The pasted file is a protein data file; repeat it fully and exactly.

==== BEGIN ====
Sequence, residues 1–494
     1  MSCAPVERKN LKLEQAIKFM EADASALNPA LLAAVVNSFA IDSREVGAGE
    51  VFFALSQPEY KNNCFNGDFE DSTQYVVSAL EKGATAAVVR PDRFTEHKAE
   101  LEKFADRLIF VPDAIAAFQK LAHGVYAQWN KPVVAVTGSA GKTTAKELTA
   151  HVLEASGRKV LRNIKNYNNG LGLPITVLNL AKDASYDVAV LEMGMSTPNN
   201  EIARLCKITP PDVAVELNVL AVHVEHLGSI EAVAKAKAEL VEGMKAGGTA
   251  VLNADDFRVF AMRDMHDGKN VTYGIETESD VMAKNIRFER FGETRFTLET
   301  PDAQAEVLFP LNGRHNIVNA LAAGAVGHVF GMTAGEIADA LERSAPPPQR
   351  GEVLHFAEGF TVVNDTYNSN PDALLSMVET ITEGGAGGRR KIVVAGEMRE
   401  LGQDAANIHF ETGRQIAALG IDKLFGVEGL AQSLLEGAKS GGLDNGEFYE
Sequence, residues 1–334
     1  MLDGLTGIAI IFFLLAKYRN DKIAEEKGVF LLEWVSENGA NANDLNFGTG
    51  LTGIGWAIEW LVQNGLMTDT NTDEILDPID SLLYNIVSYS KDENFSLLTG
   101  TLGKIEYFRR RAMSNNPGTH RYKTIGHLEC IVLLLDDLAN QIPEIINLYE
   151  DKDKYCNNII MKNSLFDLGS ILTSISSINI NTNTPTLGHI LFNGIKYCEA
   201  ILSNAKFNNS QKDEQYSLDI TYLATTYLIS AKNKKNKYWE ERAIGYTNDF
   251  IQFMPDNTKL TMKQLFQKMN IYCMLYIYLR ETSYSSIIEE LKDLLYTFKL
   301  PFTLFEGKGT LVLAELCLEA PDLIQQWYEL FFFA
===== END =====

Sequence, residues 1–494
     1  MSCAPVERKN LKLEQAIKFM EADASALNPA LLAAVVNSFA IDSREVGAGE
    51  VFFALSQPEY KNNCFNGDFE DSTQYVVSAL EKGATAAVVR PDRFTEHKAE
   101  LEKFADRLIF VPDAIAAFQK LAHGVYAQWN KPVVAVTGSA GKTTAKELTA
   151  HVLEASGRKV LRNIKNYNNG LGLPITVLNL AKDASYDVAV LEMGMSTPNN
   201  EIARLCKITP PDVAVELNVL AVHVEHLGSI EAVAKAKAEL VEGMKAGGTA
   251  VLNADDFRVF AMRDMHDGKN VTYGIETESD VMAKNIRFER FGETRFTLET
   301  PDAQAEVLFP LNGRHNIVNA LAAGAVGHVF GMTAGEIADA LERSAPPPQR
   351  GEVLHFAEGF TVVNDTYNSN PDALLSMVET ITEGGAGGRR KIVVAGEMRE
   401  LGQDAANIHF ETGRQIAALG IDKLFGVEGL AQSLLEGAKS GGLDNGEFYE
Sequence, residues 1–334
     1  MLDGLTGIAI IFFLLAKYRN DKIAEEKGVF LLEWVSENGA NANDLNFGTG
    51  LTGIGWAIEW LVQNGLMTDT NTDEILDPID SLLYNIVSYS KDENFSLLTG
   101  TLGKIEYFRR RAMSNNPGTH RYKTIGHLEC IVLLLDDLAN QIPEIINLYE
   151  DKDKYCNNII MKNSLFDLGS ILTSISSINI NTNTPTLGHI LFNGIKYCEA
   201  ILSNAKFNNS QKDEQYSLDI TYLATTYLIS AKNKKNKYWE ERAIGYTNDF
   251  IQFMPDNTKL TMKQLFQKMN IYCMLYIYLR ETSYSSIIEE LKDLLYTFKL
   301  PFTLFEGKGT LVLAELCLEA PDLIQQWYEL FFFA